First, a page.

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February 16, 2008

Seven Samurai

I'm embarrassed and ashamed to say I couldn't even finish this film. Even after I knew that Karasawa is a legend, that he inspired George Lucas and Steven Spielberg, that this film is considered a masterpiece. I know I should have appreciated it, but goodness it was three and a half hours long.

I'm not understanding why these older movies were so long. Let me tell you the story of Seven Samurai. It'll sound familiar, because it's been reused a number of times since then.

Weak defenseless farming village is going to be attacked by bandits. They hire a band of samurais to defend them. Samurai defend them.

This is the story! Why do they have to take so long to tell it? I don't know...

I've learned that starting in the 60s and 70s there has been a trend towards compressing movies, jumping right into the story, even if it leaves people slightly confused for a while, at least they are invigorated and excited. I think that I'm so used to this, so these older styles of filmmaking where the setup is so long are really difficult for me to watch.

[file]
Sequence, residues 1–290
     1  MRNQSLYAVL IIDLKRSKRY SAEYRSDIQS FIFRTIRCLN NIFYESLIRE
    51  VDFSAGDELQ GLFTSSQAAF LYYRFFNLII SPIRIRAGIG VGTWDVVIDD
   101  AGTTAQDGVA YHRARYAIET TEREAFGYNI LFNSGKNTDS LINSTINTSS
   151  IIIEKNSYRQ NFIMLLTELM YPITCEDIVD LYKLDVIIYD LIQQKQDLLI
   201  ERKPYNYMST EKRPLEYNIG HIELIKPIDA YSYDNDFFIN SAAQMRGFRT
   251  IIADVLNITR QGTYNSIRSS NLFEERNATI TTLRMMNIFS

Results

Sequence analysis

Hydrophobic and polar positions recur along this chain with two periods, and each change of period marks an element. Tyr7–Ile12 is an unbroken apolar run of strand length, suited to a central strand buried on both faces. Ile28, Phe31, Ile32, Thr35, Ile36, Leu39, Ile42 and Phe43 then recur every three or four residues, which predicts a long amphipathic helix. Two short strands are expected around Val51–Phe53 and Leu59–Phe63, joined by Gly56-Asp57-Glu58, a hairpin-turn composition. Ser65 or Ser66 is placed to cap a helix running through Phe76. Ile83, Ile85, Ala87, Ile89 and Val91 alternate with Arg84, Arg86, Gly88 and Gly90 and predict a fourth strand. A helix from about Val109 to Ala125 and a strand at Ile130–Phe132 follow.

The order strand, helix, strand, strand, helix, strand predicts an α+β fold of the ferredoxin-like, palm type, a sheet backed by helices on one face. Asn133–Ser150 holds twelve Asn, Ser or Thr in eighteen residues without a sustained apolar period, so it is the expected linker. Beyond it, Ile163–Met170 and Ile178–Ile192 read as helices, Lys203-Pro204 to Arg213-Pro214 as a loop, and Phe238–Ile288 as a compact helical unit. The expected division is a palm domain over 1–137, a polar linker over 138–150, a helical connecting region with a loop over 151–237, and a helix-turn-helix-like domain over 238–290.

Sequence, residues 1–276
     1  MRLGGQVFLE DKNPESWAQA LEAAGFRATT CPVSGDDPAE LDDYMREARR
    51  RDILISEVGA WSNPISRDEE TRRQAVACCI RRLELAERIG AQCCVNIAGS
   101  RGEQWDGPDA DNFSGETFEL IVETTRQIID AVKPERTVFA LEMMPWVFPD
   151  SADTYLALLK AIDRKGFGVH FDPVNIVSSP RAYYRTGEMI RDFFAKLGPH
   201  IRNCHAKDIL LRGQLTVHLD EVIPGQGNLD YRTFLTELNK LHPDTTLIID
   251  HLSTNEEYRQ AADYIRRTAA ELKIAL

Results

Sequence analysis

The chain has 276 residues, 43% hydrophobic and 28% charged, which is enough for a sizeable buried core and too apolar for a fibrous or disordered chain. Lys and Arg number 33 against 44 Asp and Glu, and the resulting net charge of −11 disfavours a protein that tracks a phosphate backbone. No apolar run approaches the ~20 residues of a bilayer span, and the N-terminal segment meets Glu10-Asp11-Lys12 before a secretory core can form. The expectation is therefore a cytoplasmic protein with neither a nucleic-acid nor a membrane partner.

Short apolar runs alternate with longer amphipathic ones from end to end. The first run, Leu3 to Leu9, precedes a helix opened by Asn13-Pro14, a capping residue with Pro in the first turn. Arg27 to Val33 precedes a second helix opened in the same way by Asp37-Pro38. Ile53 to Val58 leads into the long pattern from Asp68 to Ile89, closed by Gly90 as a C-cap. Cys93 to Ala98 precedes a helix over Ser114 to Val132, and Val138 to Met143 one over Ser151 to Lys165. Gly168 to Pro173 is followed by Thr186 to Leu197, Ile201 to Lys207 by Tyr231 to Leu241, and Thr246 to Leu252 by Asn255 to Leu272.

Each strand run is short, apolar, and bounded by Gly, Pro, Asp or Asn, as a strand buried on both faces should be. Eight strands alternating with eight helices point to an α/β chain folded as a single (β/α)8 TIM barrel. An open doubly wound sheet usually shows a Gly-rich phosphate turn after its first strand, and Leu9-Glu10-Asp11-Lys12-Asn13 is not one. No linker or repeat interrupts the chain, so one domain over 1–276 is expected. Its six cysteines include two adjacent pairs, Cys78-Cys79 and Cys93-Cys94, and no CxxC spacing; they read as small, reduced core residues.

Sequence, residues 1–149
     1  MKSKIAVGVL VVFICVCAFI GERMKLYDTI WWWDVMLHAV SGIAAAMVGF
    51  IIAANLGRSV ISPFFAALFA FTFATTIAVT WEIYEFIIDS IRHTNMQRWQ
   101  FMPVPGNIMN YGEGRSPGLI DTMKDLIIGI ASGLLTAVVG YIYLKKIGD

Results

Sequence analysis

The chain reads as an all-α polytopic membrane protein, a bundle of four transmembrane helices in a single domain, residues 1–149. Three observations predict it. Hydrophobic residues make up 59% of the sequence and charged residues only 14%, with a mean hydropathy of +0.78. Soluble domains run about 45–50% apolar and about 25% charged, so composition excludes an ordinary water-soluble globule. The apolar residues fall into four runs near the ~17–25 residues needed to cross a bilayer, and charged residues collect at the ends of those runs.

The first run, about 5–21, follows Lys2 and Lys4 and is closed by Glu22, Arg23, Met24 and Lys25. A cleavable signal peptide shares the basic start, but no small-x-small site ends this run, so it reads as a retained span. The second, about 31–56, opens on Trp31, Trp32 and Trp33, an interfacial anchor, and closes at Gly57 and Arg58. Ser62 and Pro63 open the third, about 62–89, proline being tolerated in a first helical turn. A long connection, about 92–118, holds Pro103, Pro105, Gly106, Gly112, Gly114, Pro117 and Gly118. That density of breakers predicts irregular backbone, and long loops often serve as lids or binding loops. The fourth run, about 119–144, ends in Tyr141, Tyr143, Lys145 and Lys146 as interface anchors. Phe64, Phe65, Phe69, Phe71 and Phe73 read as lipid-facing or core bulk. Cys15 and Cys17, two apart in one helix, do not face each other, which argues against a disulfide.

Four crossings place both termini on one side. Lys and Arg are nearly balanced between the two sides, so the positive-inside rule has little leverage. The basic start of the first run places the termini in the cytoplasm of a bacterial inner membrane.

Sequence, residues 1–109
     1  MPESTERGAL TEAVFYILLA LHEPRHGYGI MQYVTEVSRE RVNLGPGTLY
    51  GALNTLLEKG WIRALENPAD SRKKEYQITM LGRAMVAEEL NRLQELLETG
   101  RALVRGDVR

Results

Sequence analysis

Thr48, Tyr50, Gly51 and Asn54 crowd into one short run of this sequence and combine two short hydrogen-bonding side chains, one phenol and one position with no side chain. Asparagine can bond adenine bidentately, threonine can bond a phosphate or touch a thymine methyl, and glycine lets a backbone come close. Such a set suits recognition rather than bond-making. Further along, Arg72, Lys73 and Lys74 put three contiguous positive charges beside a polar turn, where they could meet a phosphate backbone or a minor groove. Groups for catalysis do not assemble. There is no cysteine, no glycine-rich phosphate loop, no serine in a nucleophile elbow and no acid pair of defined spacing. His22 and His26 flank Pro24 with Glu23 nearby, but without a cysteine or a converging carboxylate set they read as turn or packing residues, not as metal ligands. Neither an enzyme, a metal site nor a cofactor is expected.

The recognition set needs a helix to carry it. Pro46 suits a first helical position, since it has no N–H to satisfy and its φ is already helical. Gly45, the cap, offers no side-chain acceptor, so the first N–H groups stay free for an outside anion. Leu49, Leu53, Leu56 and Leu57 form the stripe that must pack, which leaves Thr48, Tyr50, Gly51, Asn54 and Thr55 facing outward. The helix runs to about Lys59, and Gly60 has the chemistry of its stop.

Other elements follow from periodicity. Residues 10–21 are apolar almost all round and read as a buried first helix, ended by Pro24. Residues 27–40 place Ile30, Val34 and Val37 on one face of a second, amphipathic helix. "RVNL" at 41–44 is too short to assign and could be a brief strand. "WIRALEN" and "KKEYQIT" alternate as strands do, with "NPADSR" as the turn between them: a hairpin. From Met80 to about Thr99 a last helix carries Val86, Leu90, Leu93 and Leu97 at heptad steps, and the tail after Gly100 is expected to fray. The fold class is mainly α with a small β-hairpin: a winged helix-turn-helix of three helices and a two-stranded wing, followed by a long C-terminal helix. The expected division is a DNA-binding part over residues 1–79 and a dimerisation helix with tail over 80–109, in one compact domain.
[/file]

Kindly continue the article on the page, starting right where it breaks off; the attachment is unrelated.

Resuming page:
So yes, I watched the end of this bad boy in fast forward. And yes, I need someone to tell me why this film was great. Because I wasn't able to crack this code.

? out of 4 - I didn't get it.

Posted by jason on February 16, 2008 10:23 PM


'cause you need to slow down. We're addicted to a fast-pace...case in point, the average camera shot has been more than halved in the last couple of decades.